Pandemic sparks huge rise in female investors, as economic conditions lead women to take more control of finances

leadership investing

More than two fifths of female investors started investing during the pandemic, a recent survey from social investing app eToro revealed.

According to the survey, which was conducted by the Israeli company, 42% of current female investors began investing in 2020 or 2021 and half of them said they plan to extend their investments for six years or beyond.

US analyst at eToro, Callie Cox, believes the pandemic allowed more time for women to learn what investing means.

“We were all talking about it … so this helped women feel more comfortable to step in and invest,” she told CNBC News.

“[Women] were in a corner and kind of had to take control of their finances,” she commented, referring to the disproportionate job losses suffered by women due to caregiving duties that prevented them from returning to paid employment.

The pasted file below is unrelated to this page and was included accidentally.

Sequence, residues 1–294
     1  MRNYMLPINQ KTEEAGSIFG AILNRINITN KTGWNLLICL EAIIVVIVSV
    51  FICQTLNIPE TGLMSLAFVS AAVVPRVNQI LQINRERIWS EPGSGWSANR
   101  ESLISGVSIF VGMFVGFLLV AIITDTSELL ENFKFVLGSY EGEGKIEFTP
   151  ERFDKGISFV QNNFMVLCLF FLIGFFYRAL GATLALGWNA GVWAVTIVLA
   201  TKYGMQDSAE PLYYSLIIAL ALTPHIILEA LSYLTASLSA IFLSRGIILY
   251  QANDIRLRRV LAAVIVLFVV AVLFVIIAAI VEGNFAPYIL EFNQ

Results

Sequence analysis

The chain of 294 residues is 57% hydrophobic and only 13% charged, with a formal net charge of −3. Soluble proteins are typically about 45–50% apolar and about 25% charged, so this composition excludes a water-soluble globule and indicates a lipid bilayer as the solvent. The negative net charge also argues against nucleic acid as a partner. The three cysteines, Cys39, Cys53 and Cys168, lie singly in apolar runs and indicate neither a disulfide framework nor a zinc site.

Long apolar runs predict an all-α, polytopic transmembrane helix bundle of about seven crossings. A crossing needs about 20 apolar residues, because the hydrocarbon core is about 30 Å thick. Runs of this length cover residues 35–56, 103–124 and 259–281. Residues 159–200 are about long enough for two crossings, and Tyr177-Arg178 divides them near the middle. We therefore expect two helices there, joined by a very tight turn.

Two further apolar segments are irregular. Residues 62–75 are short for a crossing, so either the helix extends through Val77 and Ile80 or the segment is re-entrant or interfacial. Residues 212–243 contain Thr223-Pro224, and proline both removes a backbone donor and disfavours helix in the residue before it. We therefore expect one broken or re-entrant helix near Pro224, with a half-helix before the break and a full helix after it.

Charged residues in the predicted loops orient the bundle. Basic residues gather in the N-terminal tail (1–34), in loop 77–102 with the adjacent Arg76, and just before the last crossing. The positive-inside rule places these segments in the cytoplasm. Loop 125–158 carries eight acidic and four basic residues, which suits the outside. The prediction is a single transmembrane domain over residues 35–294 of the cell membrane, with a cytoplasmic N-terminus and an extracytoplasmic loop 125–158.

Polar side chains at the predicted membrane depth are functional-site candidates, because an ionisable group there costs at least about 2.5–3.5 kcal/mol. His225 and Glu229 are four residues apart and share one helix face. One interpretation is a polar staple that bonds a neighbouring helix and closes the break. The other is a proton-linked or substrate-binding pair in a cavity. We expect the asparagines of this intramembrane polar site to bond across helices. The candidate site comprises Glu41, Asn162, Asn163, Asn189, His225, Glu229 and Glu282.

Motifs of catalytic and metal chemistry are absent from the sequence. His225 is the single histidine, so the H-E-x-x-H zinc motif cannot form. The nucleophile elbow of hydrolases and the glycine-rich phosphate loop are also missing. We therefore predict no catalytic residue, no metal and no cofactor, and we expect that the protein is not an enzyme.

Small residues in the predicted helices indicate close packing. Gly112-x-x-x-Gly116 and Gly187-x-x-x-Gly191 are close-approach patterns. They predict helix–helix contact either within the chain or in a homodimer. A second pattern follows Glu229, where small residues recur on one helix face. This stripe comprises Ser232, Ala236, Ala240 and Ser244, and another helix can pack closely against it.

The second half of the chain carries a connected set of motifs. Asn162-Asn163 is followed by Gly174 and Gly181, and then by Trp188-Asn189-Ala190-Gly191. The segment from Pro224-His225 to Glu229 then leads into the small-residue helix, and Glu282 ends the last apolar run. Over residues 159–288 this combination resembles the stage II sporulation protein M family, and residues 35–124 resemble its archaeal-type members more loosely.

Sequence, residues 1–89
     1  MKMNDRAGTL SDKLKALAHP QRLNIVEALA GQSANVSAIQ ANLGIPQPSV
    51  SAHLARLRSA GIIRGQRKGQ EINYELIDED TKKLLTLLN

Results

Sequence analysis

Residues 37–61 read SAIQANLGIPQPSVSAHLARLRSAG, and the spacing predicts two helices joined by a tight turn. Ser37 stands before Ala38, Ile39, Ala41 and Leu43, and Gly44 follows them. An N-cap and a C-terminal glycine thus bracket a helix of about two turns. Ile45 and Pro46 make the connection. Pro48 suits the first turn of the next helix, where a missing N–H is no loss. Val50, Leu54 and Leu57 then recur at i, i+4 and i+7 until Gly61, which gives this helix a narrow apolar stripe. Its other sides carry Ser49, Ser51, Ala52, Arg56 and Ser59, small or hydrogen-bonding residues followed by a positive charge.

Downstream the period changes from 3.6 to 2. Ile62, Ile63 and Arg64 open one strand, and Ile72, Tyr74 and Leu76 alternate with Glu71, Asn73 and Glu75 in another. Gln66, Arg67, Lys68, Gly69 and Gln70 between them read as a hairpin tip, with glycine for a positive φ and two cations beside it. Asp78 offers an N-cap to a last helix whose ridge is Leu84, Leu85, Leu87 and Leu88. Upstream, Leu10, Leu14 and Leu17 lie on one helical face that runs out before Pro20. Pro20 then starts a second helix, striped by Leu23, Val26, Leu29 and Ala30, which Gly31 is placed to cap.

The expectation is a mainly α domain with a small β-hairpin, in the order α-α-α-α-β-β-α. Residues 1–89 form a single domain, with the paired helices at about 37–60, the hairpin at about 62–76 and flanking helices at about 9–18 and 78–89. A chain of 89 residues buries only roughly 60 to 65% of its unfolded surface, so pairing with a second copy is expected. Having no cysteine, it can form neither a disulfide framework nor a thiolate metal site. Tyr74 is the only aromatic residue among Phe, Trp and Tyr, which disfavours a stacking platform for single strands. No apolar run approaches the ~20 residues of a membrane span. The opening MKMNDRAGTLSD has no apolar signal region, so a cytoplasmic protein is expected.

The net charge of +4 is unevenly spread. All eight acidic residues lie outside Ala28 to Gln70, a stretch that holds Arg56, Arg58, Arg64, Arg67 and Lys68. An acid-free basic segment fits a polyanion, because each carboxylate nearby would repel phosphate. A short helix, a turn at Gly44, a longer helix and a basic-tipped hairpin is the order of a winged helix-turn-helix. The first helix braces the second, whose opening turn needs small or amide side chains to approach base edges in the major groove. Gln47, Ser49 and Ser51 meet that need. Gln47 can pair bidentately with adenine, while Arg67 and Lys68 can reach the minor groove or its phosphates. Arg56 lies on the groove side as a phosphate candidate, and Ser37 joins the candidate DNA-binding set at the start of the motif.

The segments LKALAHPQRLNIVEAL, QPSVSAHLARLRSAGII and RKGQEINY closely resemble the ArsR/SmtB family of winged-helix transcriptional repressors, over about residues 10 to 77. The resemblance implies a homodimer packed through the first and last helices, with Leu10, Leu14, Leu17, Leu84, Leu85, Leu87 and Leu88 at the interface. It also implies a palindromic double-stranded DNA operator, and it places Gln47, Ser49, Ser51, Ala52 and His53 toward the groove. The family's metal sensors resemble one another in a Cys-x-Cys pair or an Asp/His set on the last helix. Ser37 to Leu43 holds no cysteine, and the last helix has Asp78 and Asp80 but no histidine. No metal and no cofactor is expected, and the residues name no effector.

“The resulting financial hit to their household income may have translated into a bigger need to focus more on money matters,” Cox added.

Another study conducted last year by Boston-based financial services company, Fidelity Investments, revealed that half of all the women they surveyed reportedly become more interested in investing during the pandemic.

According to Fidelity’s study, more than two thirds of women are now investing outside of their retirement savings — an increase from 44% in 2018.

One financial planner, Haley Tolitsky, told CNBC News that knowing the reason for investing is crucial.

“You want to think about why you are investing,” Tolitsky said. “Think about what your goals are and why you’re putting your money where you are.

“The shorter your time frame, the more conservative you want to be,” Tolitsky said. “You probably don’t want to be 100% in equities if you’re investing for less than 10 years.”

“The S&P 500 index’s annualized return is about 8-9%, but that’s over a long time horizon, not a few years. In the meantime, ask yourself if you can sleep at night knowing your money is fluctuating. If the answer is no, you probably need to cut back on risky assets.”

This article was first published by Women’s Agenda.


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